# 'perturbative' and 'real' particles; the perturbative weigth

## 'perturbative' and 'real' particles

(following text is taken - slightly modified - from: O.Buss, PhD thesis, pdf, Appendix B.1)

Reactions which are so violent that they disassemble the whole target nucleus can be treated only by explicitly propagating all particles, the ones in the target and the ones produced in the collision on the same footing.

For reactions which are not violent enough to disrupt the whole target nucleus, e.g. low-energy πA, γA or neutrino A collisions at not too high energies, the target nucleus stays very close to its ground state. Henceforth, one keeps as an approximation
the phase-space density of the target nucleus constant in time ('frozen approximation'). In GiBUU this is controlled by the switch `freezeRealParticles`. The test-particles which represent this constant target nucleus are called *real* test-particles. However, one also wants to consider the final state particles. Thus one defines another type of test-particles which are called *perturbative*.
The *perturbative* test-particles are propagated and may collide with *real* ones, the products are
*perturbative* particles again. However, *perturbative* particles may not scatter among each other.
Furthermore, their feedback on the actual densities is neglected. One can simulate in
this fashion the effects of the almost constant target on the outgoing pparticles without modifying
the target. E.g. in πA collisions we initialize all initial state pions as *perturbative* test-particles.
Thus the target automatically remains frozen and all products of the collisions of pions and
target nucleons are assigned to the *perturbative* regime.

Furthermore, since the *perturbative* particles do not react among themselves or modify the *real*
particles in a reaction, one can also split a *perturbative* particle into \(N_{test}\) pieces (several *perturbative*
particles) during a run. Each piece is given a corresponding weight \(1/N_{test}\) and one simulates like
this \(N_{test}\) possible final state scenarios of the same *perturbative* particle during one run.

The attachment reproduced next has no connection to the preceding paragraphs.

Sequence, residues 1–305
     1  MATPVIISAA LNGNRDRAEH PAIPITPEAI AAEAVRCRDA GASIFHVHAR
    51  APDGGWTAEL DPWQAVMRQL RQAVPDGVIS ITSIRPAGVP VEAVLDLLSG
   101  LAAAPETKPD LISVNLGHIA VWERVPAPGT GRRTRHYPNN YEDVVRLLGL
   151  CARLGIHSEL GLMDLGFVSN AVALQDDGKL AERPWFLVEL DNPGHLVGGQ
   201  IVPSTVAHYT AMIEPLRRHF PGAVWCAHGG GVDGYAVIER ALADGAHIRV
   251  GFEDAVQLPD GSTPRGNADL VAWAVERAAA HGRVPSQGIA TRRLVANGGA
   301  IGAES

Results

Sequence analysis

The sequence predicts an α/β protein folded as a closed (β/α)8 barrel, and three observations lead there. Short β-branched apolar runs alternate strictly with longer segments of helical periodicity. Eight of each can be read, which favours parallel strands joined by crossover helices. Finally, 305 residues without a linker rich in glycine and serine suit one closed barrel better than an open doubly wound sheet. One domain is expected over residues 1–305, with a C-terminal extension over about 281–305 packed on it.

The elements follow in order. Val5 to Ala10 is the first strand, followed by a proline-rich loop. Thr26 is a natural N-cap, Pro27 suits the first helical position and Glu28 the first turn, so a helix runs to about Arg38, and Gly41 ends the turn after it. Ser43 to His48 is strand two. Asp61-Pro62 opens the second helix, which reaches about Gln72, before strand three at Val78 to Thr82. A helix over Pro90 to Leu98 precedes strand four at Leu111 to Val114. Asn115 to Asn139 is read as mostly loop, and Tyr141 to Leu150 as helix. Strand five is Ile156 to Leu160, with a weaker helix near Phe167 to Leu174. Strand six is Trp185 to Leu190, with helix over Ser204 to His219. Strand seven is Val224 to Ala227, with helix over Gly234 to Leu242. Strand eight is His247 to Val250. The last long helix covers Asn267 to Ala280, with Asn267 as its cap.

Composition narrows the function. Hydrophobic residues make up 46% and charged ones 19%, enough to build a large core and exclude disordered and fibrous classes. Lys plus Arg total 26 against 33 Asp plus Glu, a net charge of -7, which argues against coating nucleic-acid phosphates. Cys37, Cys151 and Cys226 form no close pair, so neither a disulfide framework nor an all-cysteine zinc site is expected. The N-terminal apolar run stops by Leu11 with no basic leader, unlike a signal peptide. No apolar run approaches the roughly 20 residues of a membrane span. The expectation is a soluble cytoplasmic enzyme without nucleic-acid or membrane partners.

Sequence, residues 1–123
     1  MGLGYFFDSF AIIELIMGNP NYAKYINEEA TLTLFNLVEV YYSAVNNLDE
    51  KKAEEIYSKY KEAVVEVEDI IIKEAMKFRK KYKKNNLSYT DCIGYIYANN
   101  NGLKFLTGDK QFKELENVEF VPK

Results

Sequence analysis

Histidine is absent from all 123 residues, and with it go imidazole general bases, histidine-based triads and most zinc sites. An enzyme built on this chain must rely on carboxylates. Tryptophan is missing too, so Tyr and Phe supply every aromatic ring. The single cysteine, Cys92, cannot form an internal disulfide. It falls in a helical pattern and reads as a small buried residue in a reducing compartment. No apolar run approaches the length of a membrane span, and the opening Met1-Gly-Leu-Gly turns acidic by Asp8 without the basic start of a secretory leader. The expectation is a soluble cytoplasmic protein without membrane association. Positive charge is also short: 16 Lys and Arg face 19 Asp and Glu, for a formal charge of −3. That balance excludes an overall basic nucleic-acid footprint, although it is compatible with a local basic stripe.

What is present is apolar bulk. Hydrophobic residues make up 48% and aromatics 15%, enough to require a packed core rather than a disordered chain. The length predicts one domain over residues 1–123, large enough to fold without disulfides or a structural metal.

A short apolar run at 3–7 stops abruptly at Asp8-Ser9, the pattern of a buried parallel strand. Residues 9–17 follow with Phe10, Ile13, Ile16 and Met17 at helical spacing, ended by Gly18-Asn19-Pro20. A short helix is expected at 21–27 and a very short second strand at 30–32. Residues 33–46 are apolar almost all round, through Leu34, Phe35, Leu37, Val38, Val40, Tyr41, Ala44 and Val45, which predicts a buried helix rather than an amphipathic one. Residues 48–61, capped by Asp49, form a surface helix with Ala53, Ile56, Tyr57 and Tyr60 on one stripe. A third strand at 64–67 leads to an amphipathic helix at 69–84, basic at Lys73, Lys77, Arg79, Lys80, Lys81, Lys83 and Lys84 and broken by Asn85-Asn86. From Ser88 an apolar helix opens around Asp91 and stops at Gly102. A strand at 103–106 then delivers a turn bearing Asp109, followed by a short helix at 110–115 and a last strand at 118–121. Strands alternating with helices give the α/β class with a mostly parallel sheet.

## The perturbative weigth 'perWeight'

Usually, in the cases mentioned above, where one uses the seperation into *real* and *perturbative* particles, one wants to calculate some final quantity like \(d\sigma^A_{tot}=\int_{nucleus}d^3r\int \frac{d^3p}{(2\pi)^3} d\sigma^N_{tot}\,\times\,\dots \). Here we are hiding all medium modifications, as e.g. Pauli blocking, flux corrections or medium modifications of the cross section in the part "\(\,\times\,\dots \)". Now, solving this via the testparticle ansatz (with \(N_{test}\) being the number of test particles), this quantity is calulated as \(d\sigma^A_{tot}=\frac{1}{N_{test}}\sum_{j=1}^{N_{test}\cdot A}d\sigma^j_{tot}\,\times\,\dots \), with \(d\sigma^j_{tot}\) standing for the cross section of the \(j\)-th test-particle.

The internal implementation of calculations like this in GiBUU is, that a loop runs over all \(N_{test}\cdot A\) target nucleons and creates some event. Thus all these events have the same probability. But since they should be weighted according \(d\sigma^j_{tot}\), this is corrected by giving all (final state) particles coming out of event \(j\) the weight \(d\sigma^j_{tot}\).

This information is stored the variable `perWeight` in the definition of the particle type.

Thus, in order to get the correct final cross section, one has to **sum the perWeight**, and not the particles.

As an example: if you want to calculate the inclusive pion production cross section, you have to loop over all particles and sum the perWeights of all pions. Simply taking the number of all pions would give false results.